|Biography from Papillon Gallery:|
|Please note: Artists not classified as American in our database may have limited biographical data
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Alfred Courmes was born in Bormes-les-Mimosas, France, in 1896.
He was the son of a naval officer. Courmes was educated in Monaco.
World War I, Courmes studies with Roger de La Fresnaye. (It is
believed that he was La Fresnaye’s only student.) From 1920 to 1925,
Courmes lived in Lavandou in the Provence region of France. In
1922, he exhibited at the Société Lyonaise des Beaux-Arts. Three
years later he traveled to Paris to exhibit at the Salon d’Automne,
Salon des Tuileries, and the Salon des Indépendants. In 1926, he
painted a now famous portrait of Peggy Guggenheim.
Courmes moved to Ostende, Belgium. There he befriended James
Ensor, Felix Labisse, and the well-known Belgian artist Constant
Permeke. These friendships and regular visits to museums in
Brussels and Amsterdam where he saw Classical as well as Surrealist and
Belgian Expressionist works that influenced the development of Courmes'
style over the subsequent decades.
In 1927, Courmes exhibited
his first one-man show at the Galerie Montparnasse. In 1930 he
finally moved to Paris, and in 1935, he exhibited at the prestigious
Galerie Bernheim. In 1936 he won the Prix Guillaume.
Courmes was commissioned to create the decorations for the pavilion of
Manufacture de Sévres for the 1937 l’Exposition Internationale de
Paris. That same year he exhibited at Galerie des Beaux-Arts,
In 1938, Courmes was commissioned to paint a large-scale
mural for the dining room at the French Embassy in Ottawa,
Canada. It measured thirty meters long and four meters
high. The composition consisted of two hundred and twenty five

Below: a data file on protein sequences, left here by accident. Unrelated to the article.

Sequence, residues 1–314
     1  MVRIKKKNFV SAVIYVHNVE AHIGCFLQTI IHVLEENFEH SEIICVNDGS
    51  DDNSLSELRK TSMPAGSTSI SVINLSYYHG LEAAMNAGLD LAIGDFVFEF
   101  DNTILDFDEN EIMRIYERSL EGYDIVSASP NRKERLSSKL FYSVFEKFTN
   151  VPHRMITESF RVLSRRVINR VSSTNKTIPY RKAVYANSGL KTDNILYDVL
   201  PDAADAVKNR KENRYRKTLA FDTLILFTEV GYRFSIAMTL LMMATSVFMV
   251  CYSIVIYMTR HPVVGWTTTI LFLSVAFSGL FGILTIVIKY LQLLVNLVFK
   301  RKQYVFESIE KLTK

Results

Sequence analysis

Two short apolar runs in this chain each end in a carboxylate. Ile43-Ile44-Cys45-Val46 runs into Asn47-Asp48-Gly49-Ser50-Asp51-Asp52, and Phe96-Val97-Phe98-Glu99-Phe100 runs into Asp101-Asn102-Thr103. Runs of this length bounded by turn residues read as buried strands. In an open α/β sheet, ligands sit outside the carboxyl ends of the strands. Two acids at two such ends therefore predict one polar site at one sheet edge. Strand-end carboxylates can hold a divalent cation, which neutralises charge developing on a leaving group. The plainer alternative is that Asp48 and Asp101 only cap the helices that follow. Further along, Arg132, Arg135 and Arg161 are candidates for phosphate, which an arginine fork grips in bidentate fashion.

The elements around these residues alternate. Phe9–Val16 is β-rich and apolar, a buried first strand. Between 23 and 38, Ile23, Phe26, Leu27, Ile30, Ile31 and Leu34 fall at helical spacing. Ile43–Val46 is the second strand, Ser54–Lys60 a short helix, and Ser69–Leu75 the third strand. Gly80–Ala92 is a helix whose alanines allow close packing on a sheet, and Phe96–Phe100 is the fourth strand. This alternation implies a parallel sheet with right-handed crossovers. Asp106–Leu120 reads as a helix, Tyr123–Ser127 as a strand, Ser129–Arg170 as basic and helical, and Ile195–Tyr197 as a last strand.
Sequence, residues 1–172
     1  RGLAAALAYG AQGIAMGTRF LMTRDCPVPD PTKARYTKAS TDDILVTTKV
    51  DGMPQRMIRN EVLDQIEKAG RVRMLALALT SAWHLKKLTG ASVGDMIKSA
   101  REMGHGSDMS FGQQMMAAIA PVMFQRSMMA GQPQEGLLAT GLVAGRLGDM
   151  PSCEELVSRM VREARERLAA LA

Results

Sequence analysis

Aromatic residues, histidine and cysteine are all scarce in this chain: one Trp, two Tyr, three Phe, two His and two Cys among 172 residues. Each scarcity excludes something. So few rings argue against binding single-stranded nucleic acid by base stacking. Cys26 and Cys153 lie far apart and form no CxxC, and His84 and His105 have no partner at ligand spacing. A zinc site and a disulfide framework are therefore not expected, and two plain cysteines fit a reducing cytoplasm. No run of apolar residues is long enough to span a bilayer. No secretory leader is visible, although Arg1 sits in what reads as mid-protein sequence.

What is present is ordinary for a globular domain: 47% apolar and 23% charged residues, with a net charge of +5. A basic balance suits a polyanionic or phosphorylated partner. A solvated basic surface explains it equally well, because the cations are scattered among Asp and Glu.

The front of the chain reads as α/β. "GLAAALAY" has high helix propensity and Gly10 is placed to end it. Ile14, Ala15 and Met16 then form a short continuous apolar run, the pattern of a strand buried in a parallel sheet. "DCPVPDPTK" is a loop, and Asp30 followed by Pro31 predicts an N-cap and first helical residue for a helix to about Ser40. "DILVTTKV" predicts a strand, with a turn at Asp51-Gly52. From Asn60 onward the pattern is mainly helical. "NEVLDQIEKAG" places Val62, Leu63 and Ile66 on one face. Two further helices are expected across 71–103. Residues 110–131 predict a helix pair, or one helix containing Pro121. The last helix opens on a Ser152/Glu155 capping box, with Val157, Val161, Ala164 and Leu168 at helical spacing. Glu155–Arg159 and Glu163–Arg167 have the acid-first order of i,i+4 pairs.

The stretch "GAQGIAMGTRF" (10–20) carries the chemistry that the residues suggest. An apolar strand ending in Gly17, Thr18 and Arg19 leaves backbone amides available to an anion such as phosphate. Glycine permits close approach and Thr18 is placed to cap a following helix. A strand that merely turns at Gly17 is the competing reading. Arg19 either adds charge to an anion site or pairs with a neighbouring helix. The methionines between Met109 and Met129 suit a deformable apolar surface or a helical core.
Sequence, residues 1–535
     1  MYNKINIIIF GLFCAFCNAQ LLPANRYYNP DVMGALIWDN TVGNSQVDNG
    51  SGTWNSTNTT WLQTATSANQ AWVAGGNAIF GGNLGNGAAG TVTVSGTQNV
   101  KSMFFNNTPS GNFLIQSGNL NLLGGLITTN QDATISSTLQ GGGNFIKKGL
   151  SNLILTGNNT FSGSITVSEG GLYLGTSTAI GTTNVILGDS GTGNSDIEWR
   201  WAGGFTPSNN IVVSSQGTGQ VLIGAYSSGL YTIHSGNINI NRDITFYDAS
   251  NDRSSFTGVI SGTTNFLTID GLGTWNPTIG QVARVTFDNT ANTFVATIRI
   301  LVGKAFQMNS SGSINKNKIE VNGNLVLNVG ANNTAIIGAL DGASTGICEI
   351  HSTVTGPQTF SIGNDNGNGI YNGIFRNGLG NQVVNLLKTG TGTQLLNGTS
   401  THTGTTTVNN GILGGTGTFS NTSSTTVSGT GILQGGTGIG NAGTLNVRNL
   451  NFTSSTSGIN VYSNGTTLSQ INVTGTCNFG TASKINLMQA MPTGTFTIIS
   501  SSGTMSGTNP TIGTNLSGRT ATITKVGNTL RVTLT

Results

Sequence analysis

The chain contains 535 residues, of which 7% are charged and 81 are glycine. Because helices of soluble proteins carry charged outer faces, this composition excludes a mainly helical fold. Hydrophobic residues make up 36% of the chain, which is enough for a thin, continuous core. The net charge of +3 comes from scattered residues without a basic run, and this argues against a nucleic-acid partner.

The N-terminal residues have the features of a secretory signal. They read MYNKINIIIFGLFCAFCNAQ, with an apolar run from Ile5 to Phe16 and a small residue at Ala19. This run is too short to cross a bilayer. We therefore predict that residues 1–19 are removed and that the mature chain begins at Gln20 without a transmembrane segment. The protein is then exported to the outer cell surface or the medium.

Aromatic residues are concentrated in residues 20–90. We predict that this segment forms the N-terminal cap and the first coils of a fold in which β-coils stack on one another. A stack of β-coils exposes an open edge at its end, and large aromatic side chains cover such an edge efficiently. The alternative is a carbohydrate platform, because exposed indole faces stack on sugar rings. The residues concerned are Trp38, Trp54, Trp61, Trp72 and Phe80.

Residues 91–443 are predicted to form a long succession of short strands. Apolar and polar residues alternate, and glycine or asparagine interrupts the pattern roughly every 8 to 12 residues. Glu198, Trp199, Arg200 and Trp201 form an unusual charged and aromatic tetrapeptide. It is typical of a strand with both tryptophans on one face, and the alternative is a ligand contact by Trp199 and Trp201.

After the liberation of France, Courmes exhibited with
the Surrealists at the Salon d’Automne; he also exhibited at the Salon
des Indépendants. In 1946, he exhibited at l’Exposition
Surréaliste de Mai with Clovis Trouille and René Magritte.
continued to exhibit regularly. He showed at the Salon de Mai in
1957, and the Biennale de San Paulo, Brazil in 1965. In 1971, he
had an exhibition titled "Les Autres” in Bordeaux. In 1972, he
participated in an exhibition at the Grand Palais, in Paris, and in
1977, he had a solo exhibition at Galerie Jean Briance in Paris.
Between 1982 and 1989, Courmes had solo exhibitions at the Musée de
Grenoble, Galerie Jean Briance, FIAC, Galerie Berggruen, Musée de
Roubaix, and the Centre Beaugourg.
In 1973, Jean-Marc Campagne
published an illustrated monograph on Courmes’ life and work.
Courmes continued to exhibit well into the 1980’s.
awarded the Chevalier de la Légion d’Honneur in 1991. His creativity
and imagination never diminished. In recent years the full extent
of his contribution to the art of the 20th century is getting
recognized. The Montreal Museum included Courmes’ work in the
1991 exhibition “The 1920’s, The Age of Metropolis.” In 1997, his
work was included in an exhibition at the Centre Georges Pompidou, in
Paris, called “Made in France 1947-1997, 50 Ans de Creation.” In
2003, the Musée Arts et Histoire in his hometown of Bormes-les-Mimosas
exhibited “Alfred Courmes et Son Pays.” This exhibition traveled
to Belgium, and was complemented by a large color catalogue.
Early in 2004 a heavily illustrated book was published on Courmes’
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